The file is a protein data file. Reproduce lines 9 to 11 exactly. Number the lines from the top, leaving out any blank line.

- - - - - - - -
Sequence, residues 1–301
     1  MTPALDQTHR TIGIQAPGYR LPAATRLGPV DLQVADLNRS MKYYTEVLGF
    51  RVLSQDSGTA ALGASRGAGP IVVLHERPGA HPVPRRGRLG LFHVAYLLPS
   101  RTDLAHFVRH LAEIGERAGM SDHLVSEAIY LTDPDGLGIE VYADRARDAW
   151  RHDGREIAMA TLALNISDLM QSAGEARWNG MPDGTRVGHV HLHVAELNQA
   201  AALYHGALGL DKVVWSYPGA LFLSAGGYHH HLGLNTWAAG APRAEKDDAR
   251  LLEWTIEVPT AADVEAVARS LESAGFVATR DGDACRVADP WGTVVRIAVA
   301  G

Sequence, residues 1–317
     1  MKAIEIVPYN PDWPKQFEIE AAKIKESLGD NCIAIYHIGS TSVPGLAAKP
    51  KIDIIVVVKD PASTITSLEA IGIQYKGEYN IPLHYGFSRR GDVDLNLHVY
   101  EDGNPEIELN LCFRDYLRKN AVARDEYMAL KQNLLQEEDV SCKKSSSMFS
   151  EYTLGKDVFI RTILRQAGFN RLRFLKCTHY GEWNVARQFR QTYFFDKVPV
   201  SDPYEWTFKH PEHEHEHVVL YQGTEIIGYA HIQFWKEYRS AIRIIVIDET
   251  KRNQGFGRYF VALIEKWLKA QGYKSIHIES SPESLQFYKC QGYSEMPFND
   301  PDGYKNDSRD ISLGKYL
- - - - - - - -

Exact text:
Sequence, residues 1–317
     1  MKAIEIVPYN PDWPKQFEIE AAKIKESLGD NCIAIYHIGS TSVPGLAAKP
    51  KIDIIVVVKD PASTITSLEA IGIQYKGEYN IPLHYGFSRR GDVDLNLHVY